New Study Sheds Light on Attorney Involvement in Workers’ Comp Cases

New Study Sheds Light on Attorney Involvement in Workers’ Comp Cases

The Workers Compensation Research Institute (WCRI) in its recent study found a significant differential in the percentage of claims involving defense attorneys representing injured workers across 18 state Workers’ Compensation systems. The 18 states included in the study are Arkansas, California, Florida, Georgia, Illinois, Indiana, Iowa, Kentucky, Louisiana, Massachusetts, Michigan, Minnesota, New Jersey, North Carolina, Pennsylvania, Texas, Virginia, and Wisconsin. These states, according to the WCRI, were selected because they are geographically diverse, reflect a range of system features, and represent the range of states that are higher, near the middle, and lower on costs per claim.

The percentage of claims with worker attorneys ranged from 13-14% in Wisconsin and Texas to 49-52% in New Jersey and Illinois for 2013 claims with more than seven days of lost time and experience through March 2016. The median of the 18 states was at nearly 30%.

The study, Worker Attorney Involvement: A New Measure, indicates system features may be responsible for at least some of the interstate variation. The report focuses on the two states among the lowest on this measure (Wisconsin and Texas) and the two states among the highest (Illinois and New Jersey), and discusses the system features that may be contributing to these states’ results based on findings from WCRI’s CompScope™ Benchmarks studies.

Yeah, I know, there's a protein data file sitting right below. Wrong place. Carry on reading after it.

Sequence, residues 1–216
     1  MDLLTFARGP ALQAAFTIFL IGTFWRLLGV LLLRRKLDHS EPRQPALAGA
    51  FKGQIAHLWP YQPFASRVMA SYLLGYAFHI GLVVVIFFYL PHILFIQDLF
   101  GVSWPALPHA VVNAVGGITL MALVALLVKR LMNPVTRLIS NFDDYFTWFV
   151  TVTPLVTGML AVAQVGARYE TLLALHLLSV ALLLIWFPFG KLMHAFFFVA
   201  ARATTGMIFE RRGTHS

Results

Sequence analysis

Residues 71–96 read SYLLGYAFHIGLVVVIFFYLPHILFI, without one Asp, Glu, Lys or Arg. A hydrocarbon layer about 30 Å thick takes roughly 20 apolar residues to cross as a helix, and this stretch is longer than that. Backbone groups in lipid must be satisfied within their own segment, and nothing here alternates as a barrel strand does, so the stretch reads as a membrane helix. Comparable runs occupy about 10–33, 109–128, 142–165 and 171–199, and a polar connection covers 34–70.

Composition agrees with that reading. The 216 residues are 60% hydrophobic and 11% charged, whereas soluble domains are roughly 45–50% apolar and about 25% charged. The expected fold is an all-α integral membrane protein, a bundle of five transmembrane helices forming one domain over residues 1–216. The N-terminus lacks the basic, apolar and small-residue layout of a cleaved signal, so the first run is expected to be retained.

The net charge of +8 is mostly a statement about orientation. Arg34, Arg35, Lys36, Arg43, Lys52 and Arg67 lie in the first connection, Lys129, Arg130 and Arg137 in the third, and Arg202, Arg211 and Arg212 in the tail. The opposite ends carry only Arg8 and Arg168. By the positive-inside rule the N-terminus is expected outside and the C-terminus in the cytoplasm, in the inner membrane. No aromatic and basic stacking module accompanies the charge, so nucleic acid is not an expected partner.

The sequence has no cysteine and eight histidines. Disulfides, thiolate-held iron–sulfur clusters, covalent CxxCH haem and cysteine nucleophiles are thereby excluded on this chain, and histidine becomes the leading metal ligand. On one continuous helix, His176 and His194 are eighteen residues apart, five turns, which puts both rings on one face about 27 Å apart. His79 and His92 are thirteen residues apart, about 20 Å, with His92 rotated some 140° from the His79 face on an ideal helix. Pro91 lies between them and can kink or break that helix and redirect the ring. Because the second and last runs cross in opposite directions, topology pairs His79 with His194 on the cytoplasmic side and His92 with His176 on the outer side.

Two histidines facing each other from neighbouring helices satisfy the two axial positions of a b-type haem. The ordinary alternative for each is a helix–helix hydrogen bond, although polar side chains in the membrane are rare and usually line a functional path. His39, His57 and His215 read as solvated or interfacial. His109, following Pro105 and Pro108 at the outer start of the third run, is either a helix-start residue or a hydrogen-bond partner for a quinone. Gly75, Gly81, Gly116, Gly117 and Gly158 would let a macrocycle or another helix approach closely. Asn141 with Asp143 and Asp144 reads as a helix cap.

There are also other contributing factors to the variation in attorney involvement. For example, according to the WCRI study, 40% of California’s claims involve worker attorneys. Contributing to this high percentage of attorney involvement is the state’s low standard in proving cumulative trauma (CT) claims (injuries that happen gradually at work, over a period of time, or during a course of repetitive work-related activities), which requires only a 1% percent causation threshold and uses a simple “preponderance of evidence of proof.” In addition, because there isn’t a specific event reporting date for a CT claim in California, it’s difficult for an employer to prove that the injury wasn’t caused by the employee’s work. You can have a CT claim going back a year ago, or even 15 years. This often results in litigation and increased attorney involvement. Arkansas, on the other hand, limits CT claims to repetitive motion injuries for back/neck or hearing loss, and Louisiana will only accept CT claims related to occupational diseases.

“This study helps inform policymakers and stakeholders about whether worker attorney involvement in their state is lower, near the middle, or higher relative to other states,” said John Ruser, WCRI’s president and CEO. “It also helps facilitate discussions about why workers’ compensation systems vary in attorney involvement.”

The analysis in this report uses data from 24 data sources, including national and regional insurers, claims administration organizations, state funds, and self-insured employers. The data are collected in the WCRI Detailed Benchmark/Evaluation (DBE) database, which includes about 7.5 million claims that are reasonably representative of the entire system in each of the 18 states, including all market segments: self-insurance, residual market, voluntary insurance, and state funds.

Caitlin Morgan provides a selection of Workers’ Compensation solutions for a wide range of businesses and can assist you in placing coverage. For more information about our comp solutions, contact us at 877.226.1027.